- Chapter 4: Combinatorics Using SciPy
- The fundamental counting rule
- Definition – the Cartesian product
- Theorem – the cardinality of Cartesian products of finite sets
- Definition – the Cartesian product (for n sets)
- Theorem – the fundamental counting rule
- Example – bytes
- Example – colors on computers
- Counting permutations and combinations of objects
- Definition – permutation
- Example – permutations of a simple set
- Theorem – permutations of a set
- Example – playlists
- Growth of factorials
- Theorem – k-permutations of a set
- Definition – combination
- Example – combinations versus permutation for a simple set
- Theorem – combinations of a set
- Binomial coefficients
- Example – teambuilding
- Example – combinations of balls
- Applications to memory allocation
- Example – pre-allocating memory
- Efficacy of brute-force algorithms
- Example – Caesar cipher
- Example – the traveling salesman problem
- Summary

- Chapter 5: Elements of Discrete Probability
- The basics of discrete probability
- Definition – random experiment
- Definitions – outcomes, events, and sample spaces
- Example – tossing coins
- Example – tossing multiple coins
- Definition – probability measure
- Theorem – elementary properties of probability
- Example – sports
- Theorem – Monotonicity
- Theorem – Principle of Inclusion-Exclusion
- Definition – Laplacian probability
- Theorem – calculating Laplacian probabilities
- Example – tossing multiple coins
- Definition – independent events
- Example – tossing many coins
- Conditional probability and Bayes' theorem
- Definition – conditional probability
- Example – temperatures and precipitation
- Theorem – multiplication rules
- Theorem – the Law of Total Probability
- Theorem – Bayes' theorem
- Bayesian spam filtering
- Random variables, means, and variance
- Definition – random variable
- Example – data transfer errors
- Example – empirical random variable
- Definition – expectation
- Example – empirical random variable
- Definition – variance and standard deviation
- Theorem – practical calculation of variance
- Example – empirical random variable
- Google PageRank I
- Summary

- Part II – Implementing Discrete Mathematics in Data and Computer Science
- Chapter 6: Computational Algorithms in Linear Algebra
- Understanding linear systems of equations
- Definition – Linear equations in two variables
- Definition – The Cartesian coordinate plane
- Example – A linear equation
- Definition – System of two linear equations in two variables
- Definition – Systems of linear equations and their solutions
- Definition – Consistent, inconsistent, and dependent systems
- Matrices and matrix representations of linear systems
- Definition – Matrices and vectors
- Definition – Matrix addition and subtraction
- Definition – Scalar multiplication
- Definition – Transpose of a matrix
- Definition – Dot product of vectors
- Definition – Matrix multiplication
- Example – Multiplying matrices by hand and with NumPy
- Solving small linear systems with Gaussian elimination
- Definition – Leading coefficient (pivot)
- Definition – Reduced row echelon form
- Algorithm – Gaussian elimination
- Example – 3-by-3 linear system
- Solving large linear systems with NumPy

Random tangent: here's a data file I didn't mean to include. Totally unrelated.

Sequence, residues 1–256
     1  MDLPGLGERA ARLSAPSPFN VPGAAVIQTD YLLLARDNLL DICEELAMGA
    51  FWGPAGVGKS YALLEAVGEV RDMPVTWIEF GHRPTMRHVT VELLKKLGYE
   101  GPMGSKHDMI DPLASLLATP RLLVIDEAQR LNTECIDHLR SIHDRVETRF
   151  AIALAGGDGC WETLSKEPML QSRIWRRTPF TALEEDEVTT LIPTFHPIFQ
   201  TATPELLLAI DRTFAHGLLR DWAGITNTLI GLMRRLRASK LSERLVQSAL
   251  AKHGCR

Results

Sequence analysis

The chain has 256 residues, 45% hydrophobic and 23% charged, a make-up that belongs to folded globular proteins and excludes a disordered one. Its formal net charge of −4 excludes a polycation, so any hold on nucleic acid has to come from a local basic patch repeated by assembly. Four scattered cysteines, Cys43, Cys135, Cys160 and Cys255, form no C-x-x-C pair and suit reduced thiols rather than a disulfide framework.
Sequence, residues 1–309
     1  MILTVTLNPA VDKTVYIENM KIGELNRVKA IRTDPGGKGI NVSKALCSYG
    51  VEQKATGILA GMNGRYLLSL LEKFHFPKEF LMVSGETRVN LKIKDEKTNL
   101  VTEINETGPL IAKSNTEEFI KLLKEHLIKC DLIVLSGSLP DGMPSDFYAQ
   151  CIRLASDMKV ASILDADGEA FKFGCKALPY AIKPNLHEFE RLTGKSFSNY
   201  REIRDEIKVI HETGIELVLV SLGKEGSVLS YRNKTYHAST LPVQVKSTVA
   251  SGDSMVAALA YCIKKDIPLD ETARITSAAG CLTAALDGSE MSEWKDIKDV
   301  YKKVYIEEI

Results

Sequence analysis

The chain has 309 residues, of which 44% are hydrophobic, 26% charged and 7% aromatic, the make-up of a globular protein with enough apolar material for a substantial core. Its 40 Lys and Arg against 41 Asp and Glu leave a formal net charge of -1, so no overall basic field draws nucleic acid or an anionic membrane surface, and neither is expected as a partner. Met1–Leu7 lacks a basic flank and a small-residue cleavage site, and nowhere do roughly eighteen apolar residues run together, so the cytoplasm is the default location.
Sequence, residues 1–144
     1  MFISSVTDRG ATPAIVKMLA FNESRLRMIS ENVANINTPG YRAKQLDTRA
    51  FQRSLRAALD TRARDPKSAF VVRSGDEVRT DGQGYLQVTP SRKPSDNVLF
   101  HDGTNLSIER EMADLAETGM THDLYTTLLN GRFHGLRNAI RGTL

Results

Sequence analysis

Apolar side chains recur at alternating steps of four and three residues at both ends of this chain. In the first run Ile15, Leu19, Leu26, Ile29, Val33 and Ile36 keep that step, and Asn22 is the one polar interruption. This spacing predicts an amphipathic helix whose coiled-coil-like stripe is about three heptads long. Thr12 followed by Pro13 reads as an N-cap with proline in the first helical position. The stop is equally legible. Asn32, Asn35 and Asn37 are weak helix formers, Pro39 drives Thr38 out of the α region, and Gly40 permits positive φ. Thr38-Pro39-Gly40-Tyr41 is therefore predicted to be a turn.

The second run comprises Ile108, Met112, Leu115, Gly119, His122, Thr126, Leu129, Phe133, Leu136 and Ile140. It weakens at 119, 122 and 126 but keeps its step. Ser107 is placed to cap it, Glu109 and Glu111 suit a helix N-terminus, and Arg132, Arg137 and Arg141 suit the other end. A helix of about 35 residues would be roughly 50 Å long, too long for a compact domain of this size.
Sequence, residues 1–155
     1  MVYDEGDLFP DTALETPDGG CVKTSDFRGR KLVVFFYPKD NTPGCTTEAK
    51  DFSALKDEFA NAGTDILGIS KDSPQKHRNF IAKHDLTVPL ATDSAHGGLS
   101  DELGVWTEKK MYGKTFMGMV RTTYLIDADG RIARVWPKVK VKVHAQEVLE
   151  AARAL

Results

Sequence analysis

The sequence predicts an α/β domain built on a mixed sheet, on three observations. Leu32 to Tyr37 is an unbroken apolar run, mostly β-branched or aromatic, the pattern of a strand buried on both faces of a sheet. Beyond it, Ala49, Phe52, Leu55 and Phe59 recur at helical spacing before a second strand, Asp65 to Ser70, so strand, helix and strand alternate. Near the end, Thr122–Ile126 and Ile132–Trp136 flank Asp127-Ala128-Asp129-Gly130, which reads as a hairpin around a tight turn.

- Example – A 3-by-3 linear system (with NumPy)
- Example – Inconsistent and dependent systems with NumPy
- Example – A 10-by-10 linear system (with NumPy)
- Summary

- Chapter 7: Computational Requirements for Algorithms
- Computational complexity of algorithms
- Understanding Big-O Notation
- Complexity of algorithms with fundamental control structures
- Sequential flow
- Selection flow
- Repetitive flow
- Complexity of common search algorithms
- Linear search algorithm
- Binary search algorithm
- Common classes of computational complexity
- Summary
- References

- Chapter 8: Storage and Feature Extraction of Graphs, Trees, and Networks
- Understanding graphs, trees, and networks
- Definition: graph
- Definition: degree of a vertex
- Definition: paths
- Definition: cycles
- Definition: trees or acyclic graphs
- Definition: networks
- Definition: directed graphs
- Definition: directed networks
- Definition: adjacent vertices
- Definition: connected graphs and connected components
- Using graphs, trees, and networks
- Storage of graphs and networks
- Definition: adjacency list
- Definition: adjacency matrix
- Definition: adjacency matrix for a directed graph
- Efficient storage of adjacency data
- Definition: weight matrix of a network
- Definition: weight matrix of a directed network
- Feature extraction of graphs
- Degrees of vertices in a graph
- The number of paths between vertices of a specified length
- Theorem: powers of adjacency matrices
- Matrix powers in Python
- Theorem: minimum-edge paths between vi and vj
- Summary

- Chapter 9: Searching Data Structures and Finding Shortest Paths
- Searching Graph and Tree data structures
- Depth-first search (DFS)
- A Python implementation of DFS
- The shortest path problem and variations of the problem
- Shortest paths on networks
- Beyond Shortest-Distance Paths
- Shortest Path Problem Statement
- Checking whether Solutions Exist
- Finding Shortest Paths with Brute Force
- Dijkstra's Algorithm for Finding Shortest Paths
- Dijkstra's algorithm
- Applying Dijkstra's Algorithm to a Small Problem
- Python Implementation of Dijkstra's Algorithm
- Example – shortest paths
- Example – A network that is not connected
- Summary

- Part III – Real-World Applications of Discrete Mathematics
- Chapter 10: Regression Analysis with NumPy and Scikit-Learn
- Chapter 11: Web Searches with PageRank
- Chapter 12: Principal Component Analysis with Scikit-Learn